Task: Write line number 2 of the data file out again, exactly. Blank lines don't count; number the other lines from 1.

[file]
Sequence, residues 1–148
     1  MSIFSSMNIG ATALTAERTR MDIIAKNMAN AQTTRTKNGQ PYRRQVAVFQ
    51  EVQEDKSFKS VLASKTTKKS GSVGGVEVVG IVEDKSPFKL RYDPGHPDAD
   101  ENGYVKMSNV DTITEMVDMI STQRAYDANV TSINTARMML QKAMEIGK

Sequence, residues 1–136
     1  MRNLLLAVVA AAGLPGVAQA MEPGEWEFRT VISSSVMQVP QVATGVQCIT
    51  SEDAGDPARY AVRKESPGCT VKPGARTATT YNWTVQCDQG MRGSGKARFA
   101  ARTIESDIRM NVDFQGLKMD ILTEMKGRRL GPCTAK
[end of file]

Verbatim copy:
     1  MSIFSSMNIG ATALTAERTR MDIIAKNMAN AQTTRTKNGQ PYRRQVAVFQ